When one call 911, how is the call automatically local?


Hypothetically speaking, if someone is living in New York and they call 911, how does the call not go through a hospital in Los Angeles or other city from another state? How does the call automatically transfer to a local hospital in the area one lives in?

In: Technology


It doesn’t transfer to a local hospital. It gets routed to a local 9-1-1 dispatch centre which then forwards the call to EMS, Fire or Police as needed.

The other answer, while not wrong, doesn’t really answer this question, so:

When you call 911, your service provider looks up the “Emergency Service Number”, which is a regular 10 digit phone number, that connects to the 911 call center physically closest to you. Every area has one of these, and they look up which one is closest to your area based on your billing address or cell tower.

They redirect your call to this 10 digit number, and from there it’ll ring at your local 911 call center.

I feel very old having to explain this.

In the 1950s-1970s, there was no 911. If you didn’t know the phone numbers to your local ambulance service, police department, and fire department, you were SOL. (Well, you could probably call the operator and hope that got you somewhere.) If you bought a (landline) phone in the 1970s to mid-1990s it usually had a little card with a clear plastic cover, with a blue police car or shield symbol, red fire or fire truck symbol, and red cross symbol, for writing down phone numbers for police/fire/ambulance. When you bought a new phone you were supposed to fill these things out.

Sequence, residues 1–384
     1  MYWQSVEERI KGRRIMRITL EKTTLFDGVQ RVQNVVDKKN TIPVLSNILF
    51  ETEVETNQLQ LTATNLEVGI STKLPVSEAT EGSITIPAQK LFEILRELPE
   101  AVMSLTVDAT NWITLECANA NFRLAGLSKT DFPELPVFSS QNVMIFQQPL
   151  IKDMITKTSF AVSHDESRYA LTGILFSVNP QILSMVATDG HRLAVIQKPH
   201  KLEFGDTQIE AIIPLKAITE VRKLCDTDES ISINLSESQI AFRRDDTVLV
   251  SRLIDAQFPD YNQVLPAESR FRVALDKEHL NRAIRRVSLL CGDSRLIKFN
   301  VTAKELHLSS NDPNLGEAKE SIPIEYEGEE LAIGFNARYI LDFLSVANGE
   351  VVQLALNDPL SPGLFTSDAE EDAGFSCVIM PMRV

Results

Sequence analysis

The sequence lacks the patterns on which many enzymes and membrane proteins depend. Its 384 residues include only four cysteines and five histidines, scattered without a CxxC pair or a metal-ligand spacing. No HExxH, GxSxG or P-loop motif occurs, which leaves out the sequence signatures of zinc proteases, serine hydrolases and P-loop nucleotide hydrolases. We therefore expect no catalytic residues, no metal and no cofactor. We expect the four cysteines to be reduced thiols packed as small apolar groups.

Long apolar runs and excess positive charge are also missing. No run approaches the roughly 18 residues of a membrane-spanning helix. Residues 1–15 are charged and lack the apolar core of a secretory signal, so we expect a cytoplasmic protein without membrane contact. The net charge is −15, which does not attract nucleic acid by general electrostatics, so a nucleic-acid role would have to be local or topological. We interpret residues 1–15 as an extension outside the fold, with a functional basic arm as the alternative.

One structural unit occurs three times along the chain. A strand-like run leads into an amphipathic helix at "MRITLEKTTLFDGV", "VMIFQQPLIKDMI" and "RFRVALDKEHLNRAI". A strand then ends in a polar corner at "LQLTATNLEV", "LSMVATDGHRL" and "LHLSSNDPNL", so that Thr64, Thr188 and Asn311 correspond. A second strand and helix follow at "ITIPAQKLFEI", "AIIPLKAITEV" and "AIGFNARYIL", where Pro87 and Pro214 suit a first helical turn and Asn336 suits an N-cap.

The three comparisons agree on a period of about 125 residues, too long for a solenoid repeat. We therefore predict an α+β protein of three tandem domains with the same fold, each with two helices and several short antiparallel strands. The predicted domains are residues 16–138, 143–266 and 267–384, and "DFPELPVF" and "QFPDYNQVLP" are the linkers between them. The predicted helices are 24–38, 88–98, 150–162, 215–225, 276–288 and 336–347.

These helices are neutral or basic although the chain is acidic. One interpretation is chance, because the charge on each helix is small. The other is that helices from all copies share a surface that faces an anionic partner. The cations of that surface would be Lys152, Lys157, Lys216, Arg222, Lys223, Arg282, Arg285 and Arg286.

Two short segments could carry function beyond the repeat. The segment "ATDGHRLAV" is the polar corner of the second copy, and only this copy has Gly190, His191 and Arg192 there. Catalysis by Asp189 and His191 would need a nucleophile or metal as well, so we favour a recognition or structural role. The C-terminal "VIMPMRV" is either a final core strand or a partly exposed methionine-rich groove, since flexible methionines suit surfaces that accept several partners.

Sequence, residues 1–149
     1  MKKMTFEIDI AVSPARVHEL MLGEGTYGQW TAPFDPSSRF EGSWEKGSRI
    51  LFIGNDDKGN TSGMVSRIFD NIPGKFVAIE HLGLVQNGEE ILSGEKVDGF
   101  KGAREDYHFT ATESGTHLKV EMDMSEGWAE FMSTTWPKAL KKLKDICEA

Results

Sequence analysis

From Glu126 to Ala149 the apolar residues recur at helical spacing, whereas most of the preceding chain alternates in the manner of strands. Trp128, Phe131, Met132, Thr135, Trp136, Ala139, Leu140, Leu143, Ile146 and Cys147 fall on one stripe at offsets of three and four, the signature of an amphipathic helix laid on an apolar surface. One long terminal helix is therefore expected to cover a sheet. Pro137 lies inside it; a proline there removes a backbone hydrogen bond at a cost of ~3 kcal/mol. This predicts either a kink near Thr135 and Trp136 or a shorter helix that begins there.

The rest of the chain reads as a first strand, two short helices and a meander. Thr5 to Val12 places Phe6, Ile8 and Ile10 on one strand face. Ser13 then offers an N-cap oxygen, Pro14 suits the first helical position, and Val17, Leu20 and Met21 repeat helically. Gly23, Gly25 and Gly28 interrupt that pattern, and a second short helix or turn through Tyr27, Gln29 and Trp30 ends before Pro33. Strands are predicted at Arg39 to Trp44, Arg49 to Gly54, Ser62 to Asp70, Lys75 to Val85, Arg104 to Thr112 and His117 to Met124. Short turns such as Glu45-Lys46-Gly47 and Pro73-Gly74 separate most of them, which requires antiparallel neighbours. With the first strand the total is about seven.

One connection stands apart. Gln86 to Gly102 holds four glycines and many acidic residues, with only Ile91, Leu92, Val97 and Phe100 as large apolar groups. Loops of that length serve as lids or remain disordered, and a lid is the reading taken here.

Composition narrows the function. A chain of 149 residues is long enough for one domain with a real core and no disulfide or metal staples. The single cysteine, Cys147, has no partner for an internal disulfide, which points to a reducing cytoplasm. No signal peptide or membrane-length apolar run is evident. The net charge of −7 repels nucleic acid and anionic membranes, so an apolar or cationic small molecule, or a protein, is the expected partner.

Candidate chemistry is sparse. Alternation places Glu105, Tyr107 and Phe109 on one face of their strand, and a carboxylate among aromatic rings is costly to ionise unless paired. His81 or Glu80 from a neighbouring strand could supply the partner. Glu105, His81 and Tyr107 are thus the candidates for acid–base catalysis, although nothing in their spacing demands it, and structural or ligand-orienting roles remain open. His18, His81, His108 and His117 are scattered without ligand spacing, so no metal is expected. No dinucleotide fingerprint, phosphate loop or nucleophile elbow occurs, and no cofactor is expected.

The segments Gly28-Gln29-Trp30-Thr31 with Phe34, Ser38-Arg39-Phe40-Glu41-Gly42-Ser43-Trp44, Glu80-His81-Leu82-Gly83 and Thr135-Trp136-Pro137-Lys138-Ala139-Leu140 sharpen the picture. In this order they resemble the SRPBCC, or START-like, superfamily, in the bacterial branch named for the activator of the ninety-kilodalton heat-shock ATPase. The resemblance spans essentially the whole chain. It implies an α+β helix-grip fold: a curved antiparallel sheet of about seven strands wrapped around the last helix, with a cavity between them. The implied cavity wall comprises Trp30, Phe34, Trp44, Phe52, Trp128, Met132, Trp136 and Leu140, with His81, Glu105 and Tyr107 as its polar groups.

In the 1960s-1990s, 911 service was rolled out throughout North America. The idea was that when you dialed 911, your call would be automatically routed to whatever local authority (often a police station) agreed to service the block of phone numbers that includes yours. No need to memorize numbers – no matter where you lived, you dialed 911 and got someone who could either help or direct you to help. The rollout was very slow. Emergency phone number cards and stickers were still a big thing for decades.

By the late 1980s, 911 service was almost everywhere, and it was no longer necessary to call your local FD/PD/EMS directly. The 911 system was great – you made a call, and you got a 911 center assigned to your phone number. The ubiquitous emergency stickers with police/fire/ambulance next to every phone slowly disappeared.

Then cellphones became a thing. They operated in the same system – you called 911 and got a 911 center assigned to your phone number. That might be on the other side of the continent if you were traveling.

Enter Enhanced 911, or E911. Under this system, the 911 system was improved, so that 911 calls weren’t blindly sent to whatever police department claimed that block of numbers, but instead went to Public Safety Access Points (PSAP) with equipment and operators that could make sure the caller was physically in the region, determine what sort of emergency response was required, and redirect the caller if necessary. For cellphone users, the tower used to make the call was encoded as metadata, and used to redirect the 911 call to the PSAP associated with the tower, *not* the PSAP associated with the phone number.

E911 has some additional features, such as the ability to poll your phone for location data, if your phone has GPS/AGPS enabled. This of course only works if your phone has an active and accurate location fix at the time of the call, and the PSAP has the equipment to poll that information.